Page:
The $10-per-day dining challenge is almost over. Here's what the remaining players got for lunch today. Stay tuned for info on the final meal of The Contest. And if you're playing along at home, please share your day five meals in the forums, and don't forget to tag any photos on Instagram or Twitter with #thecontest — we'll share our favorites.
Lunch on Friday, July 17
Player: Sonia Chopra
Purchase: Lentil soup ($3). Remainder: $4.
Order/Strategy: Continuing along on my quest to check off NYC icons, I go to Mamoun's for lunch. I rarely have cash on me and therefore have never been to this cash-only spot on St Marks (or MacDougal). Today's the day! I figure a falafel sandwich makes the most sense but I'm so sick of bread and there's a sign advertising a lentil soup for $3. I ask how big it is, expecting something pretty small, but it's nicely sized and sounds perfect. Despite the bread fatigue, I eat it with the leftover portion of my Cuban-ish grilled cheese sandwich, with its fresh still-green avocados, and some iced ginger tea that I made by making tea this morning, accidentally putting the mug in the fridge when I was getting water, and completely forgetting about until just now.
Update: So far I've hit the following cuisines (or "cuisines")— at least three a day, and only restaurants I've never been to before: Japanese, Vietnamese, Chinese (dumplings), Polish, two bakeries that were ostensibly-but-unconfirmed Taiwanese, Bangladeshi, Pakistani/Indian halal, Filipino, and Dominican-Caribbean, French (bakery), dive bar pizza (standalone genre), Greek/Mediterranean, Cuban-ish, fancy tacos, classic NY bagels, and Middle Eastern.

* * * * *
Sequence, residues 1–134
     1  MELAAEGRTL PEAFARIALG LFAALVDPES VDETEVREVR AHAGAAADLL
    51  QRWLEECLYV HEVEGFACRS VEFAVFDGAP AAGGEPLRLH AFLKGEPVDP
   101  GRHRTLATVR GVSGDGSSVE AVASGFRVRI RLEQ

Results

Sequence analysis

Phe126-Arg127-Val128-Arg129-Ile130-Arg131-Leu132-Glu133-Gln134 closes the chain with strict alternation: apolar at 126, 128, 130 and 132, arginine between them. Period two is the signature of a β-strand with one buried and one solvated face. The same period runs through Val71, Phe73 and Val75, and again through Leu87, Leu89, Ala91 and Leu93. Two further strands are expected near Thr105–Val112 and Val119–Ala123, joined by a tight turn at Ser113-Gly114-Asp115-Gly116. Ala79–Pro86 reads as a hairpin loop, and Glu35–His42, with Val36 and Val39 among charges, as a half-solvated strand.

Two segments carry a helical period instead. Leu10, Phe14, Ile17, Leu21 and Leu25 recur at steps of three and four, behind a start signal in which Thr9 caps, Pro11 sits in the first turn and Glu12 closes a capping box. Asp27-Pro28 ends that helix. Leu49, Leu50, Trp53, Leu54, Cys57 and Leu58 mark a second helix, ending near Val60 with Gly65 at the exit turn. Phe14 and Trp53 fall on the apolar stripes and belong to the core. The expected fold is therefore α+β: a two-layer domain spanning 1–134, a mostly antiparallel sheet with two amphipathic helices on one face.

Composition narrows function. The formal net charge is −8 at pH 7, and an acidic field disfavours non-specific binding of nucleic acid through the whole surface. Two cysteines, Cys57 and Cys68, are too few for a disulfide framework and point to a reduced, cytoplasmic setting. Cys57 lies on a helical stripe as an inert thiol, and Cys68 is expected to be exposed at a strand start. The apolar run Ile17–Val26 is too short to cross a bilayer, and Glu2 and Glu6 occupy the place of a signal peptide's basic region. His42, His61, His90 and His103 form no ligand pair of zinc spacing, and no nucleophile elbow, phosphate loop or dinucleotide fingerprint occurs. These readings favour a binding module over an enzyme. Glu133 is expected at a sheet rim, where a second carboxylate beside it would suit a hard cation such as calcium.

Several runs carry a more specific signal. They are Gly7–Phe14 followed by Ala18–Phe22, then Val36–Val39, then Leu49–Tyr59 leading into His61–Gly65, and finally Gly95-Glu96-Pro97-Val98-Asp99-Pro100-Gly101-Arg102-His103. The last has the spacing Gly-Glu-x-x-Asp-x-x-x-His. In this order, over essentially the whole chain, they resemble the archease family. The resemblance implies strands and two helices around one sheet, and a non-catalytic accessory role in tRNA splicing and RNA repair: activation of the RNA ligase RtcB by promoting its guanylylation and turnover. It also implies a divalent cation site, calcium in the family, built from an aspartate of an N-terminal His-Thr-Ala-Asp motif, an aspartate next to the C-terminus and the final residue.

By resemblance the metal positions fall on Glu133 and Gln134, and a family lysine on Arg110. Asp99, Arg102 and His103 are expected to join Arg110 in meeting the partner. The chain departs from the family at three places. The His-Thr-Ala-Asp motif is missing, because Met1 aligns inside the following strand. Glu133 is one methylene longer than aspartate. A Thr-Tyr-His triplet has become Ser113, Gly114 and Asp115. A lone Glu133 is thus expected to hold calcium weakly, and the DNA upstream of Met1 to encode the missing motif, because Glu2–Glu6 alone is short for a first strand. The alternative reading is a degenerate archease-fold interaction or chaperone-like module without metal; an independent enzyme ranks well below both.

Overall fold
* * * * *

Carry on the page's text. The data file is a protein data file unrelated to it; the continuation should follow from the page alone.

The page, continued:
Mamoun's. 22 St Marks Place.
Player: Vince Dixon
For my Pizza Day lunch I went to 99 Cent Fresh and got one "dollar slice" with pepperoni. That was a total of $1.50--the cheapest lunch I've had this week. The dollar slice is also the most New York meal I've had during The Contest.
That leaves me with $6 for a pizza dinner. Can't wait!
Player: Jarret Meskn
Purchase: pepperoni slice and hot dog with soda: $3.50
Strategy: When we were originally discussing strategy for #thecontest, I proposed the idea of visiting the food court at Costco. As the Costco food court is available to all, not just members, it was deemed fair game. So, to keep up the theme of eating pizza for lunch, I ordered one slice of pepperoni.
Costco charges $1.99 for a slice, regardless of toppings. As I am unable to resist Costco's hotdogs, so I also grabbed a hotdog and soda for $1.50.
The slice was greasy and cheesy - everything I look for in a good slice. Fortunately, I was unable to eat the hot dog so I've now got that as a potential snack.
The final Slice Count (TM) for the week is 11. Last Friday, I predicted I would consume 12 slices of pizza for the week, so I'm a bit disappointed to leave one out, but I presume my body will thank me in the long run.
Player: David Yee
[Ed not: As you may recall, David was headed to Murray's last time we checked in with him]